You can find out more at his agency's website . But don't get too excited -- he's not currently accepting queries. But it's well worth checking out the site because you'll find two very useful downloads: How to Write a Great Query Letter and How to Land a Literary Agent, both of which I strongly recommend you read.

After you've written, and re-written, your novel, put it up on a crit site for feedback, and re-edited, re-structured, and re-written accordingly, there will come a time when you'll want to start shopping it around agents. STOP. Read this book first.

The First Five Pages -- A Writer's Guide to Staying Out of the Rejection Pile is an excellent handbook for all writers, not only novelists, at all stages of development.

In two words this book is focussed on word economy; every single word in those first five pages (or first five sentences) has to really work to earn its presence.

Lukeman methodically (yea, forensically) dissects and examines, giving examples of enfeebling prose, every aspect of the writing-reading experience. Reading the book is akin to having a sharp editor sat aside you at your desk, talking you through the process of skimming a slush pile.

Each chapter is topped with a quote from a known writer and tailed with a practical exercise.

I enjoy Lukeman's prose; it's clear, cogent, eloquent, precise and sincere.

There's a lot of information and opinion here, and Lukeman manages to get it across in digestible style. One could say his tone is a bit humourless -- but, hey, do you still need sugar with your medicine?

The only advice in this book which I would advise writers to seek more specific advice is on the method used to consign work to a targeted agent. Here, Lukeman advocates using FedEx, or other guaranteed-signature delivery method. This will have some agents, such as the legendary Miss Snark, climbing walls.

I'm aware some writers find Lukeman's tone to be superior, or condescending. For others he's overly precious. What do you think?

Next Sunday: Noah Lukeman's The Art of Punctuation.

Saturday, 28 August 2010


Get it down. Take chances. It may be bad, but it's the only way you can do anything really good.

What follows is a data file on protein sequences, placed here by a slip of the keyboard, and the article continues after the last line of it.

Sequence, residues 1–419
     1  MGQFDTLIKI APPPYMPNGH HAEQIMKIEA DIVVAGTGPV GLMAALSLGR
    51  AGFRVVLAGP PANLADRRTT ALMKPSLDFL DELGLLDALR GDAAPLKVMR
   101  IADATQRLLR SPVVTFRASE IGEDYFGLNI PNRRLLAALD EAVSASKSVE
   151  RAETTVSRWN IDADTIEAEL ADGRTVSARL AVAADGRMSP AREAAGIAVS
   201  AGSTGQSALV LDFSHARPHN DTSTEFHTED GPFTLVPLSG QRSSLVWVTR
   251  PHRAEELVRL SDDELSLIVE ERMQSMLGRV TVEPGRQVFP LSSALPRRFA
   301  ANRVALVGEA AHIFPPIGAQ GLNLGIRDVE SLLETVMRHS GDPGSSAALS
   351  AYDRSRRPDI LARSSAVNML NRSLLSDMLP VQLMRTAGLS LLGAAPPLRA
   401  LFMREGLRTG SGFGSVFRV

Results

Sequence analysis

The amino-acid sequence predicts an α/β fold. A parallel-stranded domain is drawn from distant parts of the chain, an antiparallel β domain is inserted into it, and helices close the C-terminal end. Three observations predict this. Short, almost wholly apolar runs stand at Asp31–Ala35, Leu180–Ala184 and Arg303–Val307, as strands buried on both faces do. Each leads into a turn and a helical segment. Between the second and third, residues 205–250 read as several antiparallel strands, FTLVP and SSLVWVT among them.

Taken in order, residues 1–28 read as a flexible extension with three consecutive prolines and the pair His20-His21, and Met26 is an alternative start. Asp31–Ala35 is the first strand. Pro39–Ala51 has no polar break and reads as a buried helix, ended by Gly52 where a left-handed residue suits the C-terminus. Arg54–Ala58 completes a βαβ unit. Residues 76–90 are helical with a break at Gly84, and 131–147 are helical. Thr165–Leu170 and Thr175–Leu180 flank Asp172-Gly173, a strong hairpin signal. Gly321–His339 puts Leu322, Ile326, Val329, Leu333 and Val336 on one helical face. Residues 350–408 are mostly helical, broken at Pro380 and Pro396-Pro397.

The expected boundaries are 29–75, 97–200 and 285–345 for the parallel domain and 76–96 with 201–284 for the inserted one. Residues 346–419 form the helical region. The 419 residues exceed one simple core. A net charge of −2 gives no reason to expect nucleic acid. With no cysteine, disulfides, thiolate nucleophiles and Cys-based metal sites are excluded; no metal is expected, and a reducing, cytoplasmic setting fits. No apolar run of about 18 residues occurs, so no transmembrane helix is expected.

William Faulkner 
(September 25, 1897 – July 6, 1962)

Go here to listen to a recording of Faulkner's Nobel Prize acceptance speech.

Friday, 27 August 2010


Don't pick up a penguin -- have Penguin pick you up.

Penguin U.K. have announced that they are open to receive submissions directly from writers -- for a limited period until the end of October, 2010.

They are currently inviting writers to forward submissions to the following address:

Submissions should comprise a brief covering note and a synopsis,  NOT a full manuscript. Please do not send attachments. Write your cover note and synopsis in the body of the email.

They will not contact you with feedback on your submission and will only enter into email correspondence with you if an editor within Penguin is keen to progress your idea.

To check it out go here -- you'll find the information buried amid the FAQs at question number 11: How can I get my book published?

What are they looking for? Apologies, but I cannot give you any more information. It may be worth checking out their blog here to pick up a few clues.

Could prove to be a worthwhile opportunity. Must be worth a try. Before Picador paperbacks began publishing Penguin (and Pelican) were always my first choice for a good read. But I'm not so picky about publishers now.

Penguin Ireland will also accept submissions directly from writers, but, please note, NOT email submissions. To check out their submission guidelines go here.  And, yes, they WILL consider work from writers living outside Ireland.

Penguin Australia is NOT currently accepting submissions for their adult lists, but they are accepting submissions for their childrens and young adults lists. You could keep an eye on their requirements here.

Penguin New Zealand seem a bit more ambivalent. Check out what they say here.

Penguin South Africa will gladly look at your submissions. Go here.

Penguin Canada trot out the usual 'thanks, but no thanks' guff here.

Penguin U.S.A. similar story, BUT they are accepting submissions for their DAW science-fiction and fantasy imprint. Go here.

Penguin India are not so standoffish and WILL look at submissions for English-language fiction (novels, novellas and short stories), poetry, general and narrative non-fiction, biographies and memoirs, current affairs, business, travel, cookery, religion, philosophy and self-help, reference and quizzing, photography and illustrated books. Go here to find how to present your proposal.

And, finally, Penguin China are NOT accepting any submissions.